In an interview with the newspaper, Egemen Qazaqstan, President of Kazakhstan, Kassym-Jomart Tokayev spoke about political reforms in Kazakhstan, the country’s economic course, plans for the construction of a nuclear power plant, relations with China, and whether he will participate in the next presidential election. Tokayev said he believes that 2023 was full of significant events for Kazakhstan, including the completion of major political reforms, the establishment of the Constitutional Court, the holding of elections of deputies to the Mazhilis (parliament) and Maslikhats (local councils) at all levels according to new rules, and the first ever elections of akims (mayors) to districts and cities of regional significance. Kazakhstan has begun to build a fair and competitive economic system, Tokayev said, diversifying and demonopolizing the economy, updating infrastructure, supporting business, and attracting investment. In Tokayev’s words, Kazakhstan will continue with a constructive and balanced foreign policy; in 2024, the country will chair several authoritative international organizations: the Shanghai Cooperation Organization, the Collective Security Treaty Organization, the Conference on Interaction and Confidence Building Measures in Asia, the Organization of Turkic States, the International Fund for Saving the Aral Sea, and the Islamic Organization for Food Security. This year, Kazakhstan will also host the World Nomad Games. Asked about the country’s new economic course for a Fair and Just Kazakhstan and the goal of doubling the size of the economy to $450 billion by 2029, Tokayev said it is completely achievable. “According to analysts from the International Monetary Fund, by the end of 2023, GDP in Kazakhstan should be over $259 billion, which is 15% more than in 2022. This is the most significant nominal growth in Central Asia. Positive dynamics are also registered in GDP per capita. According to the IMF forecast, by 2028 this figure will increase by a third – up to $16,800.” The President explained his position vis-à-vis plans for the construction of a nuclear power plant, saying that he pays special attention to the issue given that Kazakhstan is the world’s largest uranium producer and generates its own nuclear fuel. “As many in Kazakhstan are critical of the construction of nuclear power plants given the tragic consequences of tests at the Semipalatinsk nuclear test site, I proposed submitting the issue to a national referendum,” Tokayev said. “Citizens must consider and discuss all the experts’ arguments in order to make a balanced, thoughtful decision during the free expression of their will. This will be the decision of the people.” Commenting on relations with China, the President said that today, relations between Kazakhstan and China are developing in the spirit of friendship, neighborliness, and strategic partnership. Kazakhstan firmly supports the Belt and Road Initiative, Tokayev stated, emphasizing the unprecedented growth of bilateral trade, which reached $24.3 billion from January-October 2023. China is also one of the largest investors in the Kazakhstan, with direct Chinese investment having reached $24 billion. The common border with China and favorable geographical position of Kazakhstan as a bridge between the East and West opens up broad prospects for...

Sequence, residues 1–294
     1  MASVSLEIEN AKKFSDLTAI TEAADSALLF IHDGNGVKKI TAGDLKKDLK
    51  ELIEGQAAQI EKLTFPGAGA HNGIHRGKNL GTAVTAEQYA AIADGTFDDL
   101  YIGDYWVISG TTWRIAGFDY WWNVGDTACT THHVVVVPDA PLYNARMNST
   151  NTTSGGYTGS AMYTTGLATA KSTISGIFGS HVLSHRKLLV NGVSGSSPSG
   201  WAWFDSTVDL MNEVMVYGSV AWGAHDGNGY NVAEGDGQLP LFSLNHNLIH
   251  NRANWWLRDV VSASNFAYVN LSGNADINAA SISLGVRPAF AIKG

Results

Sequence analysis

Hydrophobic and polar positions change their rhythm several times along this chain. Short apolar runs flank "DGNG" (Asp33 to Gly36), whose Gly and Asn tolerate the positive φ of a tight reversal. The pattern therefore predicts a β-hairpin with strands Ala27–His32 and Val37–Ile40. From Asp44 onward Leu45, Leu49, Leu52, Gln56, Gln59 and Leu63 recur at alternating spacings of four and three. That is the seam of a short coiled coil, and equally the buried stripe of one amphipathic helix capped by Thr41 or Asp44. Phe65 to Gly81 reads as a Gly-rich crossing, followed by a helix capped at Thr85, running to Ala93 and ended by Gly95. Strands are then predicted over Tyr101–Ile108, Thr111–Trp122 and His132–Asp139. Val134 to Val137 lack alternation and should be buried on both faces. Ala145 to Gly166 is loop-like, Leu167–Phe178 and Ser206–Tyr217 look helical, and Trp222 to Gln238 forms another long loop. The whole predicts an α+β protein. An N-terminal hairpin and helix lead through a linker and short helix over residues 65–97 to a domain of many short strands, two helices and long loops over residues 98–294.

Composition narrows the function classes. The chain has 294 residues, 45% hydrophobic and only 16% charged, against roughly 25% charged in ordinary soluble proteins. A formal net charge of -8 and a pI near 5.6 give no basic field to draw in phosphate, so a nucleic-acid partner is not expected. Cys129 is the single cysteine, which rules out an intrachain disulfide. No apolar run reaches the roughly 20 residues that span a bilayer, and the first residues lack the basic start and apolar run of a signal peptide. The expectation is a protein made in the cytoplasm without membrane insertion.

Kazakhstan, China should expand Belt and Road cooperation, experts say

BEIJING (TCA) — Experts from China and Kazakhstan called for efforts to further enhance bilateral cooperation and promote the joint development of China’s Belt and Road at a seminar in Beijing on October 25, Xinhua news agency reported. Continue reading

China, Turkmenistan should enhance synergy of development strategies — Chinese top legislator

ASHGABAT (TCA) — Top Chinese legislator Li Zhanshu on October 16 called on China and Turkmenistan to strengthen the synergy of their development strategies for mutually beneficial cooperation, China’s Xinhua news agency reported. Continue reading

Kazakhstan to play pivotal role in trade along China’s Belt and Road — president

NUR-SULTAN (TCA) — Kazakhstan is set to play a pivotal role in promoting transcontinental trade as a member of the Russia-led Eurasian Economic Union and a reliable partner of China’s Belt and Road Initiative (BRI), Kazakh President Kassym-Jomart Tokayev said at the General Debate of the 74th UN General Assembly in New York on September 24, China’s Xinhua news agency reported. Close and constructive political dialogue among all five Central Asian countries will be instrumental for trade, economic, investment and people-to-people interaction, Tokayev said, voicing his conviction that Central Asia "is becoming a global stakeholder". On the same day, speaking at the Fourth Meeting of Speakers of Eurasian Countries' Parliaments held in the Kazakh capital, Nur-Sultan, First President of Kazakhstan Nursultan Nazarbayev said that his country supports the China-proposed Belt and Road Initiative (BRI) as it is beneficial to the country's development. He said the number of containers transported from the Pacific Ocean to Europe through Kazakhstan and Russia are increasing every year, which means that "Kazakhstan has become a transit country effectively connecting Asia and Europe, the Northern and Southern parts of Eurasia." Proposed by China in 2013 to promote trans-continental connectivity for common growth, the BRI involves infrastructure development, trade and investment facilitation and people-to-people exchanges. Kazakhstan has built and renovated 15,000 km of roads and railways in a very short period of time, which helps the land-locked nation connect to the Pacific and Atlantic oceans and the Gulf, the first president said.